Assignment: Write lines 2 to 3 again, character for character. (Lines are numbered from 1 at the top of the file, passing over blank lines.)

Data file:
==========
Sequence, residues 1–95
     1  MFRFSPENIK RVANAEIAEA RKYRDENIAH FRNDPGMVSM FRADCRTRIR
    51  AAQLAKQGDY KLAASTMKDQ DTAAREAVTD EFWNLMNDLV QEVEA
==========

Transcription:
     1  MFRFSPENIK RVANAEIAEA RKYRDENIAH FRNDPGMVSM FRADCRTRIR
    51  AAQLAKQGDY KLAASTMKDQ DTAAREAVTD EFWNLMNDLV QEVEA